Heavy-atom refinement and phasing was performed using SHARP, either within autoSHARP or through its graphical user interface SUSHI. The resulting experimental electron-density maps were solvent flattened using SOLOMON (Leslie, 1987[Leslie, A. G. W. (1987). Acta Cryst. A43, 134-136.]; Abrahams & Leslie, 1996[Abrahams, J. P. & Leslie, A. G. W. (1996). Acta Cryst. D52, 30-42.]) and DM (Cowtan & Main, 1998[Cowtan, K. & Main, P. (1998). Acta Cryst. D54, 487-493.]), using the autoSHARP protocols.

Refinement of all six derivative structures was performed with BUSTER/TNT (Bricogne, 1997[Bricogne, G. (1997). Methods Enzymol. 276, 361-423.]; Tronrud et al., 1987[Tronrud, D. E., Eyck, L. F. T. & Matthews, B. W. (1987). Acta Cryst. A43, 489-501.]) using starting models taken from the Protein Data Bank.

3. Results

The results of data integration and scaling are summarized in Table 2[link]. Care was taken during data collection to measure complete data for all the derivatives. Unfortunately, this was not possible for the native PPE data set owing to restrictions on access to apparatus. The rotating-anode data sets were measured with relatively high multiplicity. The final column of Table 2[link] shows the observed and calculated mean anomalous difference ratios 〈|ΔF|〉/〈F〉. The calculated values were determined using the refined occupancies for all anomalous scatterers identified in the refined structures of the derivatives. The values correlate well over the six data sets apart from the APO case, where the observed ratios are significantly higher than those expected. This is probably owing to the presence of residual errors after scaling and/or poor overall data quality.

Table 2
Data-integration and scaling statistics for XI, ABF, APO and HEWL derivative data sets and PPE native and derivative sets

Also given are observed and calculated (retrospectively using refined I occupancies) mean anomalous difference ratios (〈|ΔF|〉/〈F〉) for the KI/I2-soaked data sets. Values in parentheses refer to the highest resolution shell.

            〈|ΔF|〉/〈F
Data set Resolution (Å) Multiplicity Completeness (%) Rmerge I/σ(I) Observed Calculated
Rotating-anode Cu Kα, 1.5418 Å [[f''](I) = 6.84 e]
 XI (KI/I2) 32.11–1.55 (1.63–1.55) 18.8 (13.0) 98.6 (96.3) 6.5 (26.4) 8.4 (2.7) 0.074 0.056
 ABF (KI/I2) 27.32–1.86 (1.96–1.86) 16.9 (12.3) 99.7 (98.3) 4.2 (9.7) 12.8 (6.7) 0.041 0.042
 PPE (native) 29.88–1.63 (1.74–1.63) 3.0 (1.2) 77.7 (17.7) 5.7 (20.9) 10.3 (1.9) n/a  
 PPE (KI/I2) 26.68–1.85 (1.95–1.85) 12.5 (7.4) 99.2 (95.0) 10.5 (34.4) 6.6 (2.1) 0.106 0.073
 APO (KI/I2) 22.14–2.01 (2.12–2.01) 9.1 (6.2) 98.9 (93.0) 7.3 (32.1) 10.1 (2.4) 0.093 0.049
 HEWL(KI/I2) 15.09–1.77 (1.87–1.77) 12.1 (11.7) 99.8 (100.0) 2.1 (4.6) 22.7 (15.5) 0.033 0.023
BM14-UK ESRF, 1.2398 Å [[f''](I) = 4.76 e]
 EAR (KI/I2) 17.99–1.78 (1.88–1.78) 5.4 (5.1) 99.8 (99.8) 3.5 (19.5) 13.5 (3.7) 0.042 0.044

3.1. Phasing

Structure solution was first attempted for each SAD data set by fully automated means using autoSHARP. This succeeded for XI and ABF; however, for EAR it was necessary to use SHELXD to find the sites, which were then input into autoSHARP. For PPE, a native data set was required to provide sufficient phase information to allow structure solution.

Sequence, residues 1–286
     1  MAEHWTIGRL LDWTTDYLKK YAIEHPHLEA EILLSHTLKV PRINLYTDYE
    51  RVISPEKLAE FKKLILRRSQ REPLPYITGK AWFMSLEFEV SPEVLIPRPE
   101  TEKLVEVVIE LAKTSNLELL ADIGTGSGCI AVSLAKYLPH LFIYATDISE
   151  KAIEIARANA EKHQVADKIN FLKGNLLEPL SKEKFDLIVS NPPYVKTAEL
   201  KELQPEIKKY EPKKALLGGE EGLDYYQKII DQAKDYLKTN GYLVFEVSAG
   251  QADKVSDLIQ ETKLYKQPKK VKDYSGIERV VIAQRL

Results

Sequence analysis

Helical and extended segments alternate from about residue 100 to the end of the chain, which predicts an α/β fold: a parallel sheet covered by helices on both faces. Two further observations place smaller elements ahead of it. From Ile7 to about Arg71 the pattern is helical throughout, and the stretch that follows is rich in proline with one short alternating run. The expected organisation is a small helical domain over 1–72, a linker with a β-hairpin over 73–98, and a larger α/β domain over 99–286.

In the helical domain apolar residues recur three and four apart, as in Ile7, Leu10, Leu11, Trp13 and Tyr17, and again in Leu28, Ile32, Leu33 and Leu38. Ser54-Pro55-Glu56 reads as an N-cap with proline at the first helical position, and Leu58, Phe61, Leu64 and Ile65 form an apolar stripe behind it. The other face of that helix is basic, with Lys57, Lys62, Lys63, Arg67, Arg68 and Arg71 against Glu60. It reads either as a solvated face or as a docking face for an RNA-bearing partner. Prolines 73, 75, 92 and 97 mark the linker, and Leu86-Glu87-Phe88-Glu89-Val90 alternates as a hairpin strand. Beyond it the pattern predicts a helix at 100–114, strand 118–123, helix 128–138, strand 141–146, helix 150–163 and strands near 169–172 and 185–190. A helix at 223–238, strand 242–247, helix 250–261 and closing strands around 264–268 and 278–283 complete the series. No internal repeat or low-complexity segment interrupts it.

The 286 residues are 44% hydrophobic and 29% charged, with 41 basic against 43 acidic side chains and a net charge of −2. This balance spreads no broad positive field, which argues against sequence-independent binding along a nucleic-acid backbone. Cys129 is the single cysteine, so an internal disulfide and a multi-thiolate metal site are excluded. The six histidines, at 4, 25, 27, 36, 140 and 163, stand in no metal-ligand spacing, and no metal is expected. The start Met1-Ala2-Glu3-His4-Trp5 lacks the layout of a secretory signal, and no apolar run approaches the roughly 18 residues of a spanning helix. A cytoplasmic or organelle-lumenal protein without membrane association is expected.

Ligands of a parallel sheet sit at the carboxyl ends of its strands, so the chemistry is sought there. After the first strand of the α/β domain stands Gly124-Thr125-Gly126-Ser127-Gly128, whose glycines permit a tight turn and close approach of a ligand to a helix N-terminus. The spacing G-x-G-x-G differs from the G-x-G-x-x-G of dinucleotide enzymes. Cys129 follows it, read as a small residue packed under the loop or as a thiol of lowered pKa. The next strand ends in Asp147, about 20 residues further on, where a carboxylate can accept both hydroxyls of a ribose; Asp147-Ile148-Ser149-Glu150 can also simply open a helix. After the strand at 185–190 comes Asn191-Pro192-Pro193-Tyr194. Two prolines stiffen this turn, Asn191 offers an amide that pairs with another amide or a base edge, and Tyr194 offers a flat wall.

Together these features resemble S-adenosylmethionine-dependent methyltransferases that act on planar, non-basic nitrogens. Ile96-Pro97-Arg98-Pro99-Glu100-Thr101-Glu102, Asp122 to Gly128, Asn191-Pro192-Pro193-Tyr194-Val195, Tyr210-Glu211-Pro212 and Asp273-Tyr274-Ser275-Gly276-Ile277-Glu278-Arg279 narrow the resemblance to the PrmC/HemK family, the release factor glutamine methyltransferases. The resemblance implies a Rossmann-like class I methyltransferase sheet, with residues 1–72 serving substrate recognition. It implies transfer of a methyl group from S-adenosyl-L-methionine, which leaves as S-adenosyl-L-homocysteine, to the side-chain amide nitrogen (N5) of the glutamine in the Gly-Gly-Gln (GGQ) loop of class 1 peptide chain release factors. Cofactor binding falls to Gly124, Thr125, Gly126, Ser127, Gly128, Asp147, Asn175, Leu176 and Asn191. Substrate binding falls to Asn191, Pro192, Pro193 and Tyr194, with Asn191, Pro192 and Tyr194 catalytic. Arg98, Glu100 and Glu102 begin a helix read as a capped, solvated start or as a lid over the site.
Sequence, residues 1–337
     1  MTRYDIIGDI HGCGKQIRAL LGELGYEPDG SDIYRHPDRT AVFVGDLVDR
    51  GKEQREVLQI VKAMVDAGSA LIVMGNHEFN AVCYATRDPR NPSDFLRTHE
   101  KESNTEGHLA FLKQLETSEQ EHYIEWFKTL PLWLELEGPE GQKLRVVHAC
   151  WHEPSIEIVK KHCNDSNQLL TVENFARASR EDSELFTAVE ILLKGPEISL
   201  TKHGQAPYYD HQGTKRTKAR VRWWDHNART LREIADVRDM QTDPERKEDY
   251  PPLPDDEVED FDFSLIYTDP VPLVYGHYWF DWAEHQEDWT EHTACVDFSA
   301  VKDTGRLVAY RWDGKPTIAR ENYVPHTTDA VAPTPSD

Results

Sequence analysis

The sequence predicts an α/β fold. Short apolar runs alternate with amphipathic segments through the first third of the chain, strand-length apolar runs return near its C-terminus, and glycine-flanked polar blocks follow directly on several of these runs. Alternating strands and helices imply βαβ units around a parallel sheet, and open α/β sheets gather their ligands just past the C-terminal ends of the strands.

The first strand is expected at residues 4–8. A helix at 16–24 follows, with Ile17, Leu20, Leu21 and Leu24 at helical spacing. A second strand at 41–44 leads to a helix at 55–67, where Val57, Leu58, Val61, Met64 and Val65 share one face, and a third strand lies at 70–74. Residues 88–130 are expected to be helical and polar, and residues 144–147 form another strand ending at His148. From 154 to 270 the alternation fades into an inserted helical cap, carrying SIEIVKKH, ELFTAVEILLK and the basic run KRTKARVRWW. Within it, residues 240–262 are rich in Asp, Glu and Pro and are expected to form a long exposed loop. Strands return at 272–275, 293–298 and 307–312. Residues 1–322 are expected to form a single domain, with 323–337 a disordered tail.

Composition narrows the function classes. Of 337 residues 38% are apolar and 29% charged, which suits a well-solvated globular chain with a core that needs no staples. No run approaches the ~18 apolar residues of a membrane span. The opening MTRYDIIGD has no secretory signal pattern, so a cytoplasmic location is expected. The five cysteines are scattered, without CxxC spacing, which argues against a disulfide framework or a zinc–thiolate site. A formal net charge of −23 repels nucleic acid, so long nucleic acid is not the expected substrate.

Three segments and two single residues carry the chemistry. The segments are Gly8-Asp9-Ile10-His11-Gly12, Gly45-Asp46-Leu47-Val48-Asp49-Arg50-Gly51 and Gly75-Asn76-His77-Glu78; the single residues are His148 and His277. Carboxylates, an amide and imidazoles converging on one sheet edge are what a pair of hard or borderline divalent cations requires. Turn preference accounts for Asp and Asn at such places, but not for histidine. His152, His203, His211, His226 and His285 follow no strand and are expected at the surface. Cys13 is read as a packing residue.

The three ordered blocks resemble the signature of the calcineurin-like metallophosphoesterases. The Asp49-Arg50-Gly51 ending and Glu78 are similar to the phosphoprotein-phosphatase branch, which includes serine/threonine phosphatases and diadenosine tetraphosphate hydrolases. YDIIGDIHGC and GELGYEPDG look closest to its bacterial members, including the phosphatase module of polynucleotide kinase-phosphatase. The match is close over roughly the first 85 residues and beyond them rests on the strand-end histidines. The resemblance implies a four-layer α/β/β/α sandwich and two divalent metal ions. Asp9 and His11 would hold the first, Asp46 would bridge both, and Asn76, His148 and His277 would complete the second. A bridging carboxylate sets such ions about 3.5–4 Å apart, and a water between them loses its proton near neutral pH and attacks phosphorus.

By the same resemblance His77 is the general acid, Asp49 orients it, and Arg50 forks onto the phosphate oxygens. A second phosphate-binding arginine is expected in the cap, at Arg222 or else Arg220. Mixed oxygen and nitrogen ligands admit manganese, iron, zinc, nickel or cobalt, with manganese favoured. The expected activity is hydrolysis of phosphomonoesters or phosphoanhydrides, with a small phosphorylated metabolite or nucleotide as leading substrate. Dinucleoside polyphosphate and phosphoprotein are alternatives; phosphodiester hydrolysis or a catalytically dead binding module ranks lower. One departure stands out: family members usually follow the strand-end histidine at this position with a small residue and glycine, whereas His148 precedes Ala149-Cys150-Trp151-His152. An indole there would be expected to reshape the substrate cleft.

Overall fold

For HEWL and APO heavy-atom detection failed, as did heavy-atom refinement and phasing using the known heavy-atom positions obtained from anomalous difference Fourier analysis. The reason for this failure was a combination of a high proportion of sites lying on special positions with respect to the crystal symmetry and a poor anomalous signal-to-noise ratio.

The successful cases had crystal solvent-content values of between 46 and 51%. The two unsuccessful cases, HEWL and APO, had the lowest (37%) and highest (62%) solvent-content values, respectively. This suggests that the solvent content of the crystals was not the determining factor in the phasing of these structures. There was also no apparent correlation between the rate of penetration of triiodide into the crystals and their values of solvent content.

The results of the structure-determination efforts are summarized in Table 3[link] and are detailed below.

Table 3
Summary of results of phase determination, solvent flattening and automatic model building

Shown are the number of heavy-atom sites initially found and, in parentheses, the number finally used in phase determination. Also given are the optimal solvent contents determined by autoSHARP (SC), phasing powers (PP), phase correlation coefficients (PCC) and the mean absolute phase difference (Δφ) relative to the refined derivative structures. The ARP/wARP results are given as n/m (c): the number of correctly built residues n out of a total of m that ARP/wARP was able to auto-build and dock into the amino-acid sequence using c separate chains if breaks occurred. Also given are the r.m.s. deviations between coordinates built and refined by ARP/wARP and those refined with BUSTER/TNT for Cα atoms only and, in parentheses, for all atoms. The high value for the latter r.m.s. differences are a consequence of small numbers of incorrectly positioned side chains.

      PP centric PP acentric SHARP SOLOMON ARP/wARP
ID No. sites SC (%) Iso Iso Ano PCC Δφ (°) PCC Δφ (°) No. residues R.m.s.d. (Å)
XI 10 (36) 51 1.69 0.56 42.6 0.91 15.5 376/388 (3) 0.06 (0.76)
ABF 12 (20) 46 2.10 0.51 45.8 0.76 29.5 210/236 (5) 0.08 (0.66)
PPE 2 (7) 51 0.99 1.29 1.23 0.50 45.3 0.62 41.9 219/240 (6) 0.18 (0.87)
EAR 6 (8) 47 1.49 0.49 44.7 0.85 20.9 119/120 (1) 0.08 (0.99)
3.1.1. XI